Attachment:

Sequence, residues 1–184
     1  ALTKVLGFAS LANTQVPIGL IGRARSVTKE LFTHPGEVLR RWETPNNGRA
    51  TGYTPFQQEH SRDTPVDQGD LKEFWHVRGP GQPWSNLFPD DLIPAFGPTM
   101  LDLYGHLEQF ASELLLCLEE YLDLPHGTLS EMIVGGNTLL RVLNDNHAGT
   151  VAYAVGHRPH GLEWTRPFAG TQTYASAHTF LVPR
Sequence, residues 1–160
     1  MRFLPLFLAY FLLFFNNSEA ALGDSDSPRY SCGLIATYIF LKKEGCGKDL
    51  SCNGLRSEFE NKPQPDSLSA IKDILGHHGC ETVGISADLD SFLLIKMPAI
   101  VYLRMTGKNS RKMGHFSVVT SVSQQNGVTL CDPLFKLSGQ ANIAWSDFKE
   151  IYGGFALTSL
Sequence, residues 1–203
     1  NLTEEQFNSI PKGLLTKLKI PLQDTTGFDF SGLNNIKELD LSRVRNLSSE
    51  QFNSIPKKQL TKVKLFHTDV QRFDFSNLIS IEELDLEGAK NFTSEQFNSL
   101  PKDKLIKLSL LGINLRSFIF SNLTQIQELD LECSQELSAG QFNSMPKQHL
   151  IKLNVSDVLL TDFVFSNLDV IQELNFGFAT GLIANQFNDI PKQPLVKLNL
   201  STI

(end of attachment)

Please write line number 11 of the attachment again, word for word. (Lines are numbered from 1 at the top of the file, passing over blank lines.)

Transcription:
Sequence, residues 1–203